Some years ago I was having similar problems with a certain SW API function call (related to stereo api, IIRC). I had an If statement such as "If Not Foo Then..." in my code, and the if statement was never executed even though the value of the variable being tested seemed to be True when debugging the code. I asked API support what the heck was going on, and they explained the fact mentioned above. Since that I have been avoiding Not operator in If statments.

Are you testing the return values like "If(Foo == VARIANT_TRUE){...}"? You could use syntax like "If(Foo){...}" instead, because if statement interpretes any non-zero values as TRUE. Because of the bitwise nature of NOT operator, one should never use if statements like "If(Not Foo){...}". Not False is always True, but Not True may be either True or False, and it is absolutely normal! You just have to cope with that. :-P

Hope this helps!

Kind regards, Heikki

Reply to
Heikki Leivo

Very clear explanation. Thank you for that, it is always nice to hear in plain english why it could cause a problem to use something so basic as the Not statement.


Reply to
Corey Scheich

So that's why my IF statements act so wierd.... Thanks.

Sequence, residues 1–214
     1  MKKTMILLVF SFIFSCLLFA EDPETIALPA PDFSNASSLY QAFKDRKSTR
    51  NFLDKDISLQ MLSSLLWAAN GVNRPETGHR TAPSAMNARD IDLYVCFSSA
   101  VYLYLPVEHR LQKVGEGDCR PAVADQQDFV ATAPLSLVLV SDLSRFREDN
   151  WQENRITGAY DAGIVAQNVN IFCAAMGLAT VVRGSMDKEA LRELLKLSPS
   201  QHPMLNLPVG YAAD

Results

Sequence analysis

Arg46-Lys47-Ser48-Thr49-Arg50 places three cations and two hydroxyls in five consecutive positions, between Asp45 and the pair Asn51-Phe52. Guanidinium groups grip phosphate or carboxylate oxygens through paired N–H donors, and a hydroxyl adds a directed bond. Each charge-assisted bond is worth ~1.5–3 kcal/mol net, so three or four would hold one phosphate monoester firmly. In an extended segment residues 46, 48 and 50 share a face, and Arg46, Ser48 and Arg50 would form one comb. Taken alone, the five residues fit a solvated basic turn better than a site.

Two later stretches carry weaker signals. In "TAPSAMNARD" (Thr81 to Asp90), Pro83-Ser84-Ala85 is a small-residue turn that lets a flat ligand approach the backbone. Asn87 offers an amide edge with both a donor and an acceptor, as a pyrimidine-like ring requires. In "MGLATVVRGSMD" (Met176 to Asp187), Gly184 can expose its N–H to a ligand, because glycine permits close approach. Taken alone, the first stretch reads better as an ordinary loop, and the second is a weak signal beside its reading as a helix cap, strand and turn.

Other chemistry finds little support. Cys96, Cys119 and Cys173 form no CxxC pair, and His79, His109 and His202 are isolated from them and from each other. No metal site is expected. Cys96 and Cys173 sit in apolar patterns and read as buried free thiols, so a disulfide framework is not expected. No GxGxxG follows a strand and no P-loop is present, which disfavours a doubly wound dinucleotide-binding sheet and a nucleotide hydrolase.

Reply to
Dale Dunn

Not true. No pun intended. At the hardware level perhaps, but programming languages have (or should have) evolved beyond this. Java defines the boolean as an actual primitive. It can be only 'true' or 'false'. Code such as:

int x = 32; if (x) { //do stuff }

won't even compile in Java.

No they are doing something wrong. They return 1, when the only acceptable values are -1 and 0 according to the specification for the type they have chosen to use (VARIANT_BOOL). All thew API docs do is provide evidence of their crime so to speak.

Which allows the following silliness:

if (retval != VARIANT_TRUE && retval != VARIANT_FALSE) { printf("An illegal error occurred. This error is not allowed...); }

No I don't. I simply have to port the API to Java where the not operator always behaves as it should.


Jim S.

Reply to
Jim Sculley

The safest way actually is to check for the reverse of the FALSE condition (since VARIANT_FALSE and FALSE are the same), rather than using VARIANT_TRUE / TRUE conditions.


Reply to

Much of my API knowledge seems to have been derived from "Why doesn't it do what the doc says" experiments.

Reply to

Heh. However, in this case, it does *exactly* what the docs say, but it shouldn't.

Jim S.

Reply to
Jim Sculley